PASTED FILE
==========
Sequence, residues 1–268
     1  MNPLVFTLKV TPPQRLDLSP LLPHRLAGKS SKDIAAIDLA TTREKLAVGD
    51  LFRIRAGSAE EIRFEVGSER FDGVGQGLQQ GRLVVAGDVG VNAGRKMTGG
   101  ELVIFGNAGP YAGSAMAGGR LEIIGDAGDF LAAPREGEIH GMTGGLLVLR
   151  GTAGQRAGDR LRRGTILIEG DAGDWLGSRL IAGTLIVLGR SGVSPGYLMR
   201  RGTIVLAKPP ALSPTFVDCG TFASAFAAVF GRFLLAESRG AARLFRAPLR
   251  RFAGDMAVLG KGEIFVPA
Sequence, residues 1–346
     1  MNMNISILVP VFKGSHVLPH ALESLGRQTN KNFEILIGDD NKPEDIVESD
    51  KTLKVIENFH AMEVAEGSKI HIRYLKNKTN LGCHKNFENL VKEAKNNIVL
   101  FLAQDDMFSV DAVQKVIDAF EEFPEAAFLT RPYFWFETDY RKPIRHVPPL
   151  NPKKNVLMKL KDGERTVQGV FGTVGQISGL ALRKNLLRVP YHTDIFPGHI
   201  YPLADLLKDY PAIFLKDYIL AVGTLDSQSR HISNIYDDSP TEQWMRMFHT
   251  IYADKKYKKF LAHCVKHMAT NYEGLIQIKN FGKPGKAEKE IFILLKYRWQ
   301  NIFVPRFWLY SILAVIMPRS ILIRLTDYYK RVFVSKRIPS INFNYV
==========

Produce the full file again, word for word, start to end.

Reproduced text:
Sequence, residues 1–268
     1  MNPLVFTLKV TPPQRLDLSP LLPHRLAGKS SKDIAAIDLA TTREKLAVGD
    51  LFRIRAGSAE EIRFEVGSER FDGVGQGLQQ GRLVVAGDVG VNAGRKMTGG
   101  ELVIFGNAGP YAGSAMAGGR LEIIGDAGDF LAAPREGEIH GMTGGLLVLR
   151  GTAGQRAGDR LRRGTILIEG DAGDWLGSRL IAGTLIVLGR SGVSPGYLMR
   201  RGTIVLAKPP ALSPTFVDCG TFASAFAAVF GRFLLAESRG AARLFRAPLR
   251  RFAGDMAVLG KGEIFVPA
Sequence, residues 1–346
     1  MNMNISILVP VFKGSHVLPH ALESLGRQTN KNFEILIGDD NKPEDIVESD
    51  KTLKVIENFH AMEVAEGSKI HIRYLKNKTN LGCHKNFENL VKEAKNNIVL
   101  FLAQDDMFSV DAVQKVIDAF EEFPEAAFLT RPYFWFETDY RKPIRHVPPL
   151  NPKKNVLMKL KDGERTVQGV FGTVGQISGL ALRKNLLRVP YHTDIFPGHI
   201  YPLADLLKDY PAIFLKDYIL AVGTLDSQSR HISNIYDDSP TEQWMRMFHT
   251  IYADKKYKKF LAHCVKHMAT NYEGLIQIKN FGKPGKAEKE IFILLKYRWQ
   301  NIFVPRFWLY SILAVIMPRS ILIRLTDYYK RVFVSKRIPS INFNYV